Ginsberg was our Old Testament prophet.  We owe him more than we know.

W. S. Merwin, The River Sound

W. S. Merwin, The Folding Cliffs

The River Sound.
W. S. Merwin.
Alfred A. Knopf, 1999.
133 pages.  $23.00 (hardcover).

The Folding Cliffs.
W. S. Merwin.
Alfred A. Knopf, 1998.
331 pages.  $25.00 (hardcover).

W. S. Merwin is another kind of poet entirely, one who finds gracefulness in all things without sacrificing realism.  Using Memory to conjure the mutable flow of Time, he dips his feet over and over into Heraclitus's river, bringing up each time a golden fish.  Merwin's poems, nostalgic for an Eden then and now, hypnotize with rhythms forged through his unpunctuated line.  They should be monotonous but are not.  His voice sways cobra-like, without venom, offered with loss and somber love, celebratory in a quiet, but ultimately rapturous way.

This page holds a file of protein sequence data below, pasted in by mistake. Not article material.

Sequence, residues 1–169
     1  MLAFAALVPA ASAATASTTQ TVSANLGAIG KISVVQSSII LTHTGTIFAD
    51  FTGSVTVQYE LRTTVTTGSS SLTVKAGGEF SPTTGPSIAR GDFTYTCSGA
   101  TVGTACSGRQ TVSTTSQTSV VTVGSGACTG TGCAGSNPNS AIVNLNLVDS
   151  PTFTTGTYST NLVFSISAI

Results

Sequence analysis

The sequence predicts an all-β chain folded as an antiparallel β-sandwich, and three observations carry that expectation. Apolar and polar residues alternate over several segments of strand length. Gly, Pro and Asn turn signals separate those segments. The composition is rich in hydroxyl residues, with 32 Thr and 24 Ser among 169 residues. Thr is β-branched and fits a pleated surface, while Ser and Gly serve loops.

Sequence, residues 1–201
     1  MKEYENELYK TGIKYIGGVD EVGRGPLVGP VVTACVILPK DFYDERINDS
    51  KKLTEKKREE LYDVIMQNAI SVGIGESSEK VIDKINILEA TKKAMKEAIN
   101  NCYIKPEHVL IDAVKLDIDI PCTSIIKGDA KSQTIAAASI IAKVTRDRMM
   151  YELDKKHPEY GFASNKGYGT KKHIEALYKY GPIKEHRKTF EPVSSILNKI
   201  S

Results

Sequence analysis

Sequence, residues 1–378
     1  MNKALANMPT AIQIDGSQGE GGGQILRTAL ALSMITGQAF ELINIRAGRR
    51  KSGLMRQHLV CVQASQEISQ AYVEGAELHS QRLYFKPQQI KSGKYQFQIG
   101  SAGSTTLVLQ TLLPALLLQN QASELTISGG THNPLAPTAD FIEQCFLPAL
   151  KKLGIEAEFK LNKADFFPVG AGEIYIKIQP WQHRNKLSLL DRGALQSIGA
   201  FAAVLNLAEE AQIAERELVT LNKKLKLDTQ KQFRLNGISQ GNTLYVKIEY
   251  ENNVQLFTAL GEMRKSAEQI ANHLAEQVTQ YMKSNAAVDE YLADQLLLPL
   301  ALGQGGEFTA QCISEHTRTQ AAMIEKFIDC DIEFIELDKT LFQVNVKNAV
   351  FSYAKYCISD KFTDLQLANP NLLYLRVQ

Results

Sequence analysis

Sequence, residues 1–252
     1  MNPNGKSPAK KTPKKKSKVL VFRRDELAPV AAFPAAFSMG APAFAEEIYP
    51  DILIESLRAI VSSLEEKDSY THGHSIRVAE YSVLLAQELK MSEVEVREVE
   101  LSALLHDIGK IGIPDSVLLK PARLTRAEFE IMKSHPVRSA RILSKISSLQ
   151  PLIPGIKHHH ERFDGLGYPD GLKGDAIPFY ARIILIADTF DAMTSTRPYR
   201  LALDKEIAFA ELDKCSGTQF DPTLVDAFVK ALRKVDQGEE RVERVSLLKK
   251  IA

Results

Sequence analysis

I have since the early seventies awaited each Merwin book as a letter from a friend, for no matter how elusive or detached his voice seems, it is the voice of one friend speaking to another, sometimes in conspiratorial whispers, sometimes in urgent demands, always about holding on to what is worthwhile and memorable.  There seems to be a timorous, amazed little boy hidden within his words, who has taken discovery and exploration as his adult calling, anxious for the next bend in the river, finding the new, seeing the past reflected therein.  The River Sound progresses logically from the last two previous books, Travels and The Vixen, the former exploring memory through the natural world and the lives of great naturalists, and the latter evoking the landscape and memories of his longtime retreat in southwest France.  The times and places of Merwin's life inhabit this new volume through recollections of cherished moments and people.  In these last three volumes long narrative poems have taken center stage and here "Lament for the Makers" pays tribute to the poets who formed him, while "Testimony," a sustained elegy for his own life, closes with a Last Will bequeathing such things as views down expansive New York street corridors, and to a French friend: "her hat above the row / of young green at that hour casting / on the ancient wall its shadow."